2012/06/06 - World IPv6 Launch Day
Today (6 June) is World IPv6 Launch Day. During the course of today a number of major web sites and Internet service providers will permanently IPv6-enable their services. Those involved include Google, YouTube, Facebook, Yahoo! and Akamai (one of the world's largest content providers).

Approximately half of Rhodes' campus is IPv6-enabled (primarily academic buildings between Prince Alfred St and Lucas Avenue - not residences or labs). Many people in these parts of campus already use IPv6 to access our internal services (such as e-mail) without realising it, and our experience is that this is mostly trouble free.

During World IPv6 Day last year, we had an opportunity to observe the effects of a world-wide IPv6 deployment. It turned out to be like the year 2000 -- a lot of FUD and very few actual problems. Thus we do not anticipate there to be many (if any) problems as a result of the launch.

Rhodes' case, this will generally only apply to secure sites (https://), since non-secure sites will still use our IPv4-only proxy servers. We have no intention of IPv6-enabling our proxies at this stage, largely because their future is uncertain in the SANReN era.

To see if you're using an IPv6-enabled PC, visit
For the record, Rhodes got its first IPv6 allocation on 13 February 2004 and have been actively using it on production servers since October 2005. It was one of the first South African universities to do so. The first IPv6-enabled service we made available to the Internet in general was incoming e-mail, followed shortly afterwards by DNS. On 19 September 2007, became the first IPv6-enabled DNS server in South Africa to answer IPv6 queries for .za (and a number of other country-code top-level domains in Africa).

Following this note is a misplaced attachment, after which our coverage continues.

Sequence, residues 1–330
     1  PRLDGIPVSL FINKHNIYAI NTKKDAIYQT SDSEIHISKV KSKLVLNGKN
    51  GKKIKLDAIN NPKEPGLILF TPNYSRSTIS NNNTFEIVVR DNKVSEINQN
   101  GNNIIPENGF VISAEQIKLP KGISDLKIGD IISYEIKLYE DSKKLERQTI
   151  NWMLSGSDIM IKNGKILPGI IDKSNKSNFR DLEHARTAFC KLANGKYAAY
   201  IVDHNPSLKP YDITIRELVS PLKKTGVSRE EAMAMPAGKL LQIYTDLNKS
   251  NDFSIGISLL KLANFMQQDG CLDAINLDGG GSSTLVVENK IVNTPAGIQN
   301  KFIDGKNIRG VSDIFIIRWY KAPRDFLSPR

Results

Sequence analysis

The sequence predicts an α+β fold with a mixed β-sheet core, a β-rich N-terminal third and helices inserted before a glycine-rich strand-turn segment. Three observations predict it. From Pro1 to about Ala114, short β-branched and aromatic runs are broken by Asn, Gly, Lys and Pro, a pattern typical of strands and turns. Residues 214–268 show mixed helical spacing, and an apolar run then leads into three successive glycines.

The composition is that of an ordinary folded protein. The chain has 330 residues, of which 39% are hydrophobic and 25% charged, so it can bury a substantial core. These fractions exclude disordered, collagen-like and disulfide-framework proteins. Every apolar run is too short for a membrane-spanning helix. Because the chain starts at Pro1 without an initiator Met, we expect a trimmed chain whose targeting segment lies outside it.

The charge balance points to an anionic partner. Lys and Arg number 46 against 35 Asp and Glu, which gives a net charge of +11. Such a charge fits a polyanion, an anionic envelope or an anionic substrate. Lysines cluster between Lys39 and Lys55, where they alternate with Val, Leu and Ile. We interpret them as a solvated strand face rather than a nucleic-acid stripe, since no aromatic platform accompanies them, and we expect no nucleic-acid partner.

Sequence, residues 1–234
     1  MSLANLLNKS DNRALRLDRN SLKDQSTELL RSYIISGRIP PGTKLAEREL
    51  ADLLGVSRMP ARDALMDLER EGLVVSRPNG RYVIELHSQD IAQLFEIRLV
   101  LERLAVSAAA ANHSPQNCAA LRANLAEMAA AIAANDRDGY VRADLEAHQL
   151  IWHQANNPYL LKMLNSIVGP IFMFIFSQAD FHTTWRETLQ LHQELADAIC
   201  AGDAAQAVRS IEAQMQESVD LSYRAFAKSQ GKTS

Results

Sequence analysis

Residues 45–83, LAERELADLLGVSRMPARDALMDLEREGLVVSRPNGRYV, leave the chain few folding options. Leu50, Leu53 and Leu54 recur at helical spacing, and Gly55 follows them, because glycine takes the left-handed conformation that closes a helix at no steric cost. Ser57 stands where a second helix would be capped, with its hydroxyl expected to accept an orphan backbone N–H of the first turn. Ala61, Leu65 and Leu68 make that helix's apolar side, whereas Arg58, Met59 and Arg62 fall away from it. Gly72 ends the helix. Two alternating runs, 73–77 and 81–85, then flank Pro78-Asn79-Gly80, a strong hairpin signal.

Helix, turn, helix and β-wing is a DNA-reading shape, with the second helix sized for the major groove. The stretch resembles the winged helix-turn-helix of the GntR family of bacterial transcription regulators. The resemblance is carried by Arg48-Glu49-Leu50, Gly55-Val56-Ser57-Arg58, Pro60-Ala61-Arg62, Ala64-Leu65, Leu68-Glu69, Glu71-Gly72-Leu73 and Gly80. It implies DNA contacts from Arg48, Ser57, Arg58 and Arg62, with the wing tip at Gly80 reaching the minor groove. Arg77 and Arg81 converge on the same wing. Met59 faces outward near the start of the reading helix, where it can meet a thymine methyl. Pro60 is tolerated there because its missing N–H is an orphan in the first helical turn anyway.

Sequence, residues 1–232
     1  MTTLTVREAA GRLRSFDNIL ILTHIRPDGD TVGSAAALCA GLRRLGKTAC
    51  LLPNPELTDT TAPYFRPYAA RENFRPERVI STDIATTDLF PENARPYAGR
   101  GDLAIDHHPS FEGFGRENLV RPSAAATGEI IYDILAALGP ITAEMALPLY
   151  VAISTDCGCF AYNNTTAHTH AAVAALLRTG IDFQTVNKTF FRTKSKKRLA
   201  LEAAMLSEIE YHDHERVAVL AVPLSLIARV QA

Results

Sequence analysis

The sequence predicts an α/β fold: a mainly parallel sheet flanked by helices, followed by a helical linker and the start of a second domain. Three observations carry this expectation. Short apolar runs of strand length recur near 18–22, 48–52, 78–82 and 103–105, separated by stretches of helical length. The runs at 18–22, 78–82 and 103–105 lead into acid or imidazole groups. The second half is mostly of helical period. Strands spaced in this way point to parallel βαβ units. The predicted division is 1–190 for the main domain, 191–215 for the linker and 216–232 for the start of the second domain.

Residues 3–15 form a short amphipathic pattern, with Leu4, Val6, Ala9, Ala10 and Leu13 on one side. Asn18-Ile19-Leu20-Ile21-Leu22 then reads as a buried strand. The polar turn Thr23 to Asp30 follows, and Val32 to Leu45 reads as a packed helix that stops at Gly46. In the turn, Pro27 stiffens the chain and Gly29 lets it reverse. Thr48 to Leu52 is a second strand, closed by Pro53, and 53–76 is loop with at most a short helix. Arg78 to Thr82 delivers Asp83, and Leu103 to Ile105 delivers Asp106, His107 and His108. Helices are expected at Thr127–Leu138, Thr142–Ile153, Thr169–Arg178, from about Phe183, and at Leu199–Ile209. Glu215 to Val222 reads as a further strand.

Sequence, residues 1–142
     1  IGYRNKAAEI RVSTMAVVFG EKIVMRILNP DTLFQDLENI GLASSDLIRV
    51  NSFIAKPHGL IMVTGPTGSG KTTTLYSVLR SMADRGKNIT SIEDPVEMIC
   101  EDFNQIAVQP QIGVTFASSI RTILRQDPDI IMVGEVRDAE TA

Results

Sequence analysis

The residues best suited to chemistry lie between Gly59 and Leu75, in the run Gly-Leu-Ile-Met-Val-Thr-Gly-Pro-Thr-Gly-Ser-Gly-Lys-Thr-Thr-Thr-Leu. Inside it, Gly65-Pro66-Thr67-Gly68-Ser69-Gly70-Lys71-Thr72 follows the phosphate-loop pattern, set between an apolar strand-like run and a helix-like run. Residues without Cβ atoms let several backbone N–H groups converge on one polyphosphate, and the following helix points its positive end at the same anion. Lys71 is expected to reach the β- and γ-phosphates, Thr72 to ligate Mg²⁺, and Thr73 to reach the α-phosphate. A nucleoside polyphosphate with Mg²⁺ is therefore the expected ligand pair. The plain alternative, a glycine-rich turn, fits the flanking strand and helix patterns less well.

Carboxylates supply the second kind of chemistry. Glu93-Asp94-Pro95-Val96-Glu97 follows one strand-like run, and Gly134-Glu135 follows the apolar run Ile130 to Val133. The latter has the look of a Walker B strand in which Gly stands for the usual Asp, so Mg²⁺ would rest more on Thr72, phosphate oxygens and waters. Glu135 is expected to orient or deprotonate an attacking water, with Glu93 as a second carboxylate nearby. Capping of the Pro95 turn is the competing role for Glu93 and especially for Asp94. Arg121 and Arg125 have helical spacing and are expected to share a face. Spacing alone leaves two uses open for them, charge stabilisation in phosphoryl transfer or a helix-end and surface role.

IPv6-support has been a standard criteria for evaluating new equipment for many years, and is currently supported throughout our network. Most core services (e-mail, etc) are IPv6-enabled and have been for many years. The notable exception is our proxy servers, for reasons mentioned in the earlier post. In addition, the University's main web server is not fully IPv6 enabled. However we've recently started publishing an IPv6 DNS record for

Support for IPv6-enabled desktop computers was initially its scope limited to the IT Division and a few select departments, but since March 2009 we've been IPv6-enabling the networks in most academic buildings on main campus as a matter of routine. Most modern operating systems (Windows 7, Linux, OSX, etc) support IPv6 by default, and so it is likely that people in IPv6-enabled buildings are using IPv6 without realising it. (This is, of course, the intention.)

For various logistical and policy reasons we've deliberately refrained from IPv6-enabling the Student Network (i.e. residences) and public computer labs. However, it is likely that we'll do so in due course (and certainly well before it becomes a problem).